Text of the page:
One tablespoon butter or unsaturated margarine spreads. PLUS: + honey, used sparingly (rather in evening). + garlic and all herbs can be used freely. + salt and pepper sparingly to taste. + Two glasses of dry wine or one low calorie can of beer, weekly. FOODS TO BE AVOIDED OR TAKEN OCCASIONALLY G Fried food unless daily ration of oil is used. G Fatty meats (sausage, polony, bacon) or beef marrow, thickened gravy or soup. G Crumbed foods and foods in a batter (eg, fish and chicken bought at fast food outlets). G Brain, kidney and liver. G Cream, ice-cream or puddings (unless fat-free). G Wholemilk, unless from ration. G Sweets, preserves/jam and sugars (white or brown). G Canned fruits (unless in own juice). G Cakes, pies, pastries and cookies. G Nuts, except almonds. G Cold drinks: ginger beer, colas, lemonade (diet drinks are allowed). G Chocolate and chocolate beverages. G Filter or instant coffee in excess (more than three cups a day). A MEAL PLAN Breakfast (7-8 am) ALWAYS 1-2 portions of fruit (eg, grapefruit, apple or banana) OR one small glass of orange or unsweetened carton juices. PLUS: G One egg boiled or poached, or fried kipper or haddock (use two teaspoons oil for preparation) OR G One cup cooked coarse maize, masela or oats porridge with 50ml milk from your daily ration. OR G Four tablespoons of All Bran with raisins and milk. PLUS: G One slice (10mm thick) wholewheat or brown bread (toasted) with spread from ration and one teaspoon honey if desired. PLUS: Tea or coffee with milk from ration. Snack (10-11 am) G Two tablespoons of raisins. OR G Two wholewheat biscuits (eg. Provitas) and 2 tablespoons of low fat cheese.

Group A: Eat as many from this group as you wish: Asparagus G Broccoli G Brussel sprouts G Cabbage G Cauliflower G Celery G Cucumber G Egg fruit G Gem squash G Green beans G Lettuce G Marrow G Mushrooms G Parsley G Radishes G Rhubarb G Spinach G Spring onion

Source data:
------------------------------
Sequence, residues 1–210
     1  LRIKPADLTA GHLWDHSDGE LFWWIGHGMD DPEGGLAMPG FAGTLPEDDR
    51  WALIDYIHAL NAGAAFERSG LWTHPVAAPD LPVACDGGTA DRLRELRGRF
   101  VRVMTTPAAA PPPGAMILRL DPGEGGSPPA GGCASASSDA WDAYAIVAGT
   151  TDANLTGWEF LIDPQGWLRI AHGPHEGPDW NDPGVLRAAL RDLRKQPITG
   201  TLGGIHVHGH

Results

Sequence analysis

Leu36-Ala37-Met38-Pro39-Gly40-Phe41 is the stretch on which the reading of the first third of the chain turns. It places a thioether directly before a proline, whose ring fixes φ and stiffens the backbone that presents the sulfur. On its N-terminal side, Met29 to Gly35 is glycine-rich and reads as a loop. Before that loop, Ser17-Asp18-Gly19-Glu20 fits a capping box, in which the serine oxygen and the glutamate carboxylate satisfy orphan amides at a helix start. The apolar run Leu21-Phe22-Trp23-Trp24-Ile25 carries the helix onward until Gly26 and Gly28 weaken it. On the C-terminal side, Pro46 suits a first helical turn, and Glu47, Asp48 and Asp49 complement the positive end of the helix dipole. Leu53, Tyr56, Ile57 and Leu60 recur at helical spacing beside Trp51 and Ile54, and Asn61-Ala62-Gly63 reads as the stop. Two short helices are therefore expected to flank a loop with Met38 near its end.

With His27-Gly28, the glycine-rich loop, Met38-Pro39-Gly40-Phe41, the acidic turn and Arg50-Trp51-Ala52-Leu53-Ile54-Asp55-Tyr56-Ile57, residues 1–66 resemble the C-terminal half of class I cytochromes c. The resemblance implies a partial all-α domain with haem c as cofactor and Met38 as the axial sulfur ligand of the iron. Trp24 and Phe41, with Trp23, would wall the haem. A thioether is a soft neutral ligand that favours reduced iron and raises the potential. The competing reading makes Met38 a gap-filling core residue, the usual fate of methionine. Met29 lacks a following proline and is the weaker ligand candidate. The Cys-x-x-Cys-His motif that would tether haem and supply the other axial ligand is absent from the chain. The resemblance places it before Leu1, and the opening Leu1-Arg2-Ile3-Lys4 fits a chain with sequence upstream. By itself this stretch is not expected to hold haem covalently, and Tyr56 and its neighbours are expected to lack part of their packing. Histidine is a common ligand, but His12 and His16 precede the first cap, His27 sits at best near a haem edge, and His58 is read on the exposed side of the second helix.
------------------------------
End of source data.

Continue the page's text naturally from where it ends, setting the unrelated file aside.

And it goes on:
Sweet green peppers G Sweet red peppers G Tomatoes G Watercress

Group B: Eat in moderation: Beetroot G Butternut G Carrots G Green peas G Hubbard squash G Leeks G Onions G Pumpkin G Turnips G Tomato juice


120g (125ml, half a cup) mashed potato One potato, 90g or 60x50mm 60g (125ml) cooked rice 70g (125ml) sweetcorn One green mielie, 125x45mm (130g) 20g crackers (two or more, depending on type) One and a half portions fruit


110g (125ml) wholemeal porridge 20g ready-to-eat cereal (200ml or more, depending on type) 60g (60ml) sweet potato 70g (125ml) Lima beans (frozen/cooked) 70g (125ml) dried beans (cooked) 70g (125ml) dried peas (cooked) 100g (150ml) parsnips

Lunch (12-1 pm) G Bread roll or toasted sandwich (wholegrain) G Thin soup with noodles. OR G Pasta salad/savoury rice with oil-free tuna or sardines. OR G Mixed bean salad/baked beans. ADD: a slice of cheese, meat or sardines. OR G A small tub or yoghurt. ADD: salad vegetables like small cherry tomatoes, cucumber, grated cabbage, carrot and herb salad, sprouts. G One item of fruit. Snack (3-4 pm) G Portion of fruit or juice. Dinner (7 pm) G A portion (90gm) lean meat (beef/chicken/pork grilled or casseroled with onion/garlic and potato) or grilled or steamed

fish. Gravy must be unthickened and fat-free. OR G A grilled lamb chop (fat removed) and stuffed tomato. PLUS G Two to three potatoes cooked in jackets or mashed; or as salad with one tablespoon mayonnaise. PLUS G Tossed salad with lettuce, celery, peppers, cucumber and beansprouts. Gem squash and spinach with a teaspoon of oil (or alternatives: see box: Vegetable list). Bedtime G One tablespoon raisins and one cup milk from ration, or dried fruit ± three portions.

DENIS takes the menace out of dental claims